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‘Papers please’ for reporter at Texas capitol shooting investigation

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Aaron Dykes
Prison Planet.com
Friday, January 22, 2010

“Any society that would give up a little liberty to gain a little security will deserve neither and lose both.” – Benjamin Franklin

Like other reporters in the Austin-area, the Infowars team was immediately sent to the Texas Capitol building on news that a man, identified as Fausto Cardenas, had started shooting for no apparent reason.

There wasn’t much else to discover once we got there. The suspect had apparently harmed no one and State Troopers were quietly combing over the South steps with their investigation. Apart from reports about an angry visit to State Senator Dan Patrick’s office, there was no indication of a possible motive for the bizarre incident. Spokeswoman Tela Mange was polite but offered very little info.

I had catalogued all the activity going on behind the roped-off area and wandered around the other side of the Capitol to film another grouping of troopers who were combing the grounds with a (presumably bomb-sniffing) dog. When a trooper noticed me filming their quiet investigation, everything suddenly changed.

Though the building itself was closed, the Capitol grounds remained open, and people were milling about freely. Only the area immediately surrounding the South steps was restricted by yellow tape. This was not that area.

Yet this officer approached me sternly, pointing his finger and commanding that I ‘point the camera somewhere else’ and provide ID. I refused.

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For those who have forgotten, in the haze of post-9/11 paranoia, America is not a ‘papers please’ dictatorship or a corrupt banana republic, even if certain forces are attempting to drag us in that direction.

Outside the Capitol, ostensibly a monument to free society, there was no reason to impose ’security’ in the face of natural public order. There was no panicked atmosphere; the shooting was clearly over. Media personnel, news cameras and other spectators were waiting around calmly.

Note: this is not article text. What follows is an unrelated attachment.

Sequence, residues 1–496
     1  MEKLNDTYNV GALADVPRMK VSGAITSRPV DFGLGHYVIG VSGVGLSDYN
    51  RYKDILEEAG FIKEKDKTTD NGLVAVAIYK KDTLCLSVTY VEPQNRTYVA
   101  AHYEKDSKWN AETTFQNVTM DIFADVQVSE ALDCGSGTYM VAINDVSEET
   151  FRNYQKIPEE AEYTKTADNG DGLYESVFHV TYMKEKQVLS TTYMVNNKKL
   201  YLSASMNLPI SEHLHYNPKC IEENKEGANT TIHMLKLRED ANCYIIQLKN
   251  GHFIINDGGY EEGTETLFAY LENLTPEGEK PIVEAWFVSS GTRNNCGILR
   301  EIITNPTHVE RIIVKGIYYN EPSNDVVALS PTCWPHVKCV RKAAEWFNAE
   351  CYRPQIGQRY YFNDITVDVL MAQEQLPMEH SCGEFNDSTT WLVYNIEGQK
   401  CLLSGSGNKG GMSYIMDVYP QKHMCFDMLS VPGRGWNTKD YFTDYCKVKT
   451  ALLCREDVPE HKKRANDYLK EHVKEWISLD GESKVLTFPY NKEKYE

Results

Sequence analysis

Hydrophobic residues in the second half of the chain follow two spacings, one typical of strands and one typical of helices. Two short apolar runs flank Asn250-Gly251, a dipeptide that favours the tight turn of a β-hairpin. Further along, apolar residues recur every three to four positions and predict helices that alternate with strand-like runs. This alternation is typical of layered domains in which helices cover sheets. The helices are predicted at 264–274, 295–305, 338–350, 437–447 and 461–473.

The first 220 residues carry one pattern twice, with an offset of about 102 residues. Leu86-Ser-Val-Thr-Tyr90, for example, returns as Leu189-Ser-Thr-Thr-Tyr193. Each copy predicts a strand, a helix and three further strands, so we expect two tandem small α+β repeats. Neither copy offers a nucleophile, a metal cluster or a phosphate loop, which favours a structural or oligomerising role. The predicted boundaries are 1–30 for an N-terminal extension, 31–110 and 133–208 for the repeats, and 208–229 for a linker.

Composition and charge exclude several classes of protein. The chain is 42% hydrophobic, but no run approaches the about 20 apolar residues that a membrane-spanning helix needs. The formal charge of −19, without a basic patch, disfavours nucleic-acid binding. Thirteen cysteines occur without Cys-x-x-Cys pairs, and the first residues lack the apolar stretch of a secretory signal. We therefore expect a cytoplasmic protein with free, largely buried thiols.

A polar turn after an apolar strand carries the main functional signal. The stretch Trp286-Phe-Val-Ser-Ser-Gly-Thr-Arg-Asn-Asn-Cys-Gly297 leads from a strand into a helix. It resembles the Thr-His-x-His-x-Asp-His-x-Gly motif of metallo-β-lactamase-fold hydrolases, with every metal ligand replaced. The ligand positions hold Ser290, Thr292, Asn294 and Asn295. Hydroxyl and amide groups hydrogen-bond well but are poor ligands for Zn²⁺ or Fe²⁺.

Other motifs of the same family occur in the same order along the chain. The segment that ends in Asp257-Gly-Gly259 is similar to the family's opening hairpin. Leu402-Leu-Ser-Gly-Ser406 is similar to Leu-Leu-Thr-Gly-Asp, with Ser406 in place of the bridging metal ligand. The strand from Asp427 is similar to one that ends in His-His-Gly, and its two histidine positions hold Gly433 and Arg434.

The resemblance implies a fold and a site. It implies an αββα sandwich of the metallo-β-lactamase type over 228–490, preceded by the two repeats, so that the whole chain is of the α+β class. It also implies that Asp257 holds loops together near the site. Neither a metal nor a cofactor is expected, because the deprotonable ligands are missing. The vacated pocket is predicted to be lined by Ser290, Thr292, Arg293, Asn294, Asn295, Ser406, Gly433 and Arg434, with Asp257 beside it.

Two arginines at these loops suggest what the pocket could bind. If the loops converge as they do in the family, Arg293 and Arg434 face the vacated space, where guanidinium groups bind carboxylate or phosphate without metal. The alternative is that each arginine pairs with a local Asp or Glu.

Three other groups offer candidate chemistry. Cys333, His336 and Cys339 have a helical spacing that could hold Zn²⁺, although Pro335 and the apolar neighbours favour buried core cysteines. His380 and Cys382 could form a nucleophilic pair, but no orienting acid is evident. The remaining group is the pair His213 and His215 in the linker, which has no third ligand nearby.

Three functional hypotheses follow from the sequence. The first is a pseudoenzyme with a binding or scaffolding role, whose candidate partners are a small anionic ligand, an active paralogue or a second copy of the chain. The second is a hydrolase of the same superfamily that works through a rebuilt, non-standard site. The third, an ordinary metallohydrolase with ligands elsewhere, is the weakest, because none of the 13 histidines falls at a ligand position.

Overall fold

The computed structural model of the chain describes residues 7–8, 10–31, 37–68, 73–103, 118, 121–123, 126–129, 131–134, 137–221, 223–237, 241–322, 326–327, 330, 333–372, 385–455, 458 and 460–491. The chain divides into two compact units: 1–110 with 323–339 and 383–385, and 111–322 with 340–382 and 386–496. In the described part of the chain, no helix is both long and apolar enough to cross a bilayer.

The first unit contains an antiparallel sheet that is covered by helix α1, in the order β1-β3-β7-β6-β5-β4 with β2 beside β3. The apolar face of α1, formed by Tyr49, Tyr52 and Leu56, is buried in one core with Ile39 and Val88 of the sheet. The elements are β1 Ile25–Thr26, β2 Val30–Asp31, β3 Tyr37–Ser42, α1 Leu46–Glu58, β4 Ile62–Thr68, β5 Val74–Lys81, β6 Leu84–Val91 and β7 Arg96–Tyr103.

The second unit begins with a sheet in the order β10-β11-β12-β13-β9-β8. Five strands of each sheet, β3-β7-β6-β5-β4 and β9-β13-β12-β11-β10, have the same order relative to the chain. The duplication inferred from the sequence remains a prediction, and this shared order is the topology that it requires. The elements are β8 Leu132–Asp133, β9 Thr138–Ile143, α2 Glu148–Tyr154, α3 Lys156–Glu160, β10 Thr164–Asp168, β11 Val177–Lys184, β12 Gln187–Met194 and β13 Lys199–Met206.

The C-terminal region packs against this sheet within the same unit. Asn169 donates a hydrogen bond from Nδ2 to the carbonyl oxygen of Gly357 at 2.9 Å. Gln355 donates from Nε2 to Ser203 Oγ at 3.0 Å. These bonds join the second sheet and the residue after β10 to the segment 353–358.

So why did this officer feel the need to rush up and demand I justify myself? Were I suspected of a crime as benign as speeding such action might have been warranted, but I had literally done nothing but look in the wrong direction and catch the eye of the wrong person.

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  • ‘Papers please’ for reporter at Texas capitol shooting investigation  alex335x205B

His name is known, but not important in this instance. He ceased being an officer, abandoning due process for arbitrary power. That is against the law– the spirit of the law– and thus I felt compelled not to go along with it. He asked if I had ID and I told him truthfully that I did, but did not feel I should give it.

He told me not to move as he called over his superior officer. I asked if was being detained. “Yes,” he answered clearly. I was now considered a supsicious person for not producing my driver’s license on demand for no reason.

After a few minutes of impatient waiting, the superior officer asked a few questions, discovered I had done nothing at all and let me go without further ado. And yet, something had happened at the Capitol.

There, as elsewhere, with every capricious event, came a clumsy hardening of the system. Everytime an unpredictable person surprises us with a crime or even “act of terror” in an otherwise ordinary place, we act not with order and resolve– showing the strength of good laws. We instead react with panic and fear, as we begin regarding everyone with suspicion.

The result is a loss of our principles, and a compromising of good laws with ‘emergency power’ to meet a crisis. Not pursuit of a crime in progress, but a publicly-trusted and oath-sworn officer frightfully uncertain if he is looking out at his fellow-citizens or a sea of potential criminals, potential ‘terrorists.’

In our fear, we capitulate to the purveyors of chaos and lawlessness. Have we truly, fundamentally reached a point where we are so ‘terrorized’ that we really do throw out the baby with the bathwater? The wisdom and protection of the Constitution is our most precious public holding. Would we really violate it for such small urgings?

This article was posted: Friday, January 22, 2010 at 11:48 am





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